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Black White Grey

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Several hours into your local game store’s Core Set 2020 prerelease tournament, you find yourself sitting at one of the corner tables with a 0-3 record, hoping to hang on long enough for a single booster pack. You can’t help but feel that this day went south somewhere.

“Buck up,” Zeb says, tapping his lands. “It’s Game 3 and we have, like, fifteen minutes left. At least we know that one of us is going to win this match.”

You really, really want to make sure that you’re that winner, of course. You have a slight advantage at the moment, mostly because you have the biggest flyer in play. Zeb, however, has more than a few draw spells in his deck, and you’re keeping a Soul Salvage in hand, in case he tries anything funny.

Unfortunately, Zeb’s play isn’t one of those draw effects. “I’ll cast Scholar of the Ages,” he says.

You glance at his graveyard. “You only have one sorcery card in there,” you point out.

“I just need the one,” Zeb says. “I’ll use the Scholar’s ability to return my Eternal Isolation to my hand.”

You pause, and then frown. “I don’t like where this is going,” you say.

“I’ll then use my last two mana to cast Eternal Isolation on your Bloodthirsty Aerialist.”

“Ugh,” you say. “That doesn’t kill it, right?”

“It puts it on the bottom of your library,” Zeb says, eyeing your Salvager of Ruin. “So no Salvager for you.”

And no Soul Salvage either, you think, frowning again.

“I’ll attack with my Griffin Protector and my Griffin Sentinel,” Zeb says. “Don't forget that the Protector’s a 3/4 from the Scholar coming into play.”

“You’re not attacking with your Cloudkin Seer?”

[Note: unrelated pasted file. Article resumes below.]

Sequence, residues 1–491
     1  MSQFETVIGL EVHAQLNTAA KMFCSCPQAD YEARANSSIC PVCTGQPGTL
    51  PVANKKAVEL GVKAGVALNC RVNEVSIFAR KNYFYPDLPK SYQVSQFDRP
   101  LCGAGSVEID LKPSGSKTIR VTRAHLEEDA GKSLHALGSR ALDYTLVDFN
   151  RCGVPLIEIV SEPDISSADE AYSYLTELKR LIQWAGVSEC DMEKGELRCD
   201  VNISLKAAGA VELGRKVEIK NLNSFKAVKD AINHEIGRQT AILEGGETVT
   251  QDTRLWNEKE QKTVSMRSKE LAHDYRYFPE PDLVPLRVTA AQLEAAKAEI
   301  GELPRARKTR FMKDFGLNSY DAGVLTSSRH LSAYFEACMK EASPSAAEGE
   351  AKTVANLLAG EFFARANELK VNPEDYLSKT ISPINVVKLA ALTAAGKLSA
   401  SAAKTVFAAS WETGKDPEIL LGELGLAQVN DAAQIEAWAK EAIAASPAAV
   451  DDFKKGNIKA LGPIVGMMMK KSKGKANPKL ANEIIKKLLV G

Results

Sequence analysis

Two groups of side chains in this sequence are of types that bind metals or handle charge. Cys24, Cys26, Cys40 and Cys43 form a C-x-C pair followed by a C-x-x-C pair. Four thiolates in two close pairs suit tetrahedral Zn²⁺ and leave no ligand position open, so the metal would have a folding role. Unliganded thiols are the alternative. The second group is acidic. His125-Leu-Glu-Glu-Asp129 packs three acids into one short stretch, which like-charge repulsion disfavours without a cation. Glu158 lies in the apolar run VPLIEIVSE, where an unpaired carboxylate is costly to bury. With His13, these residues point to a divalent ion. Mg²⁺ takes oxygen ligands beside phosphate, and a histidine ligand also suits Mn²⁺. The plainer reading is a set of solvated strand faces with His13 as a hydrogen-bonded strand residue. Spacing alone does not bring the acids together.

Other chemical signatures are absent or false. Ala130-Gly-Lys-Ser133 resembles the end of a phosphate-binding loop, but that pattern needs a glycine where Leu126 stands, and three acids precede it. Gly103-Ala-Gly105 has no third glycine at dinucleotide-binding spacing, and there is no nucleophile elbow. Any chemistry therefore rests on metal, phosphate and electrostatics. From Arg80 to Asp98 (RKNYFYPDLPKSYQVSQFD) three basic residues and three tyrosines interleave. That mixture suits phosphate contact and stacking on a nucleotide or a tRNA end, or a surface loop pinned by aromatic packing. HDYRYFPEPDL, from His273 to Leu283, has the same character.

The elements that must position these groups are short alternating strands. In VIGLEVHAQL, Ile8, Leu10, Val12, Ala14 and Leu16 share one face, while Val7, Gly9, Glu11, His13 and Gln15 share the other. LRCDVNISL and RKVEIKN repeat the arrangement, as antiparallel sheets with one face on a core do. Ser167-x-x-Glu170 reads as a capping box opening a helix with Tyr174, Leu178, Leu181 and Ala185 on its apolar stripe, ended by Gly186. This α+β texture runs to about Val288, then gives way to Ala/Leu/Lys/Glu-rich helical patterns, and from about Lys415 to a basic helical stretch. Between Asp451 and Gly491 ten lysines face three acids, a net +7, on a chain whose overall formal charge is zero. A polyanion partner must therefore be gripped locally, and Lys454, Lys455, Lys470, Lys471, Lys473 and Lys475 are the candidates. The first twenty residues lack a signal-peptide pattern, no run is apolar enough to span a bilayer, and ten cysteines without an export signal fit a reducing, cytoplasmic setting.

“You’ll just block it with your Dawning Angel, and then your Angel will come back as a 4/3 from the Unholy Indenture and give you another four life. At least this way, I’ve got a good chance of having three flyers to rush you next turn.”

With only the Soul Salvage and a Bone Splinters in your hand, you don’t exactly have anything good to cast in response. Maybe you can tough things out for a little bit longer, though.

“I’ll take them both. That’s, what, five damage?”

“Five damage,” Zeb says. “That’ll put you at three life.”

You instantly feel a little regret, thinking that you may have just missed a better play. But it’s too late now - Zeb gestures to end his turn, and you untap your permanents.

Your draw for the turn is a fortuitous Gods Willing, a card that’s served you well even through three match losses. It might still serve you well right now, if only to help preserve one of your blockers against the inevitable rush next turn.

Then again, there’s also the possibility that you don’t have to wait till next turn. You’ve got a bit of removal, after all, and Zeb’s down a single blocker. But is there a way to take down your opponent before he does the same to you?

It is the start of your first main phase. Defeat Zeb before the beginning of his next combat phase.

You are at 3 life, with the following cards in play:

You have the following cards in your hand:

You have not yet played a land this turn. You still have a substantial number of cards remaining in your library, but you know neither the identities nor the order of those cards.

You have the following cards in your graveyard:

Zeb is at 8 life and has no cards in his hand. He has the following cards in play:

If you think you’ve got a great solution in mind, don’t put it in the comments! Instead, send it to puzzles@gatheringmagic.com with the subject line “Puzzle - Black White Gray” by 11:59 P.M. EST on Monday, July 15, 2019. We’ll include the best ones in next week’s article along with the next puzzle!

Last Week’s Puzzle

Correct solutions to last week’s puzzle were received from Gerwin Ruiterkamp, Russell Jones, Addison Fox, and Hyman Rosen.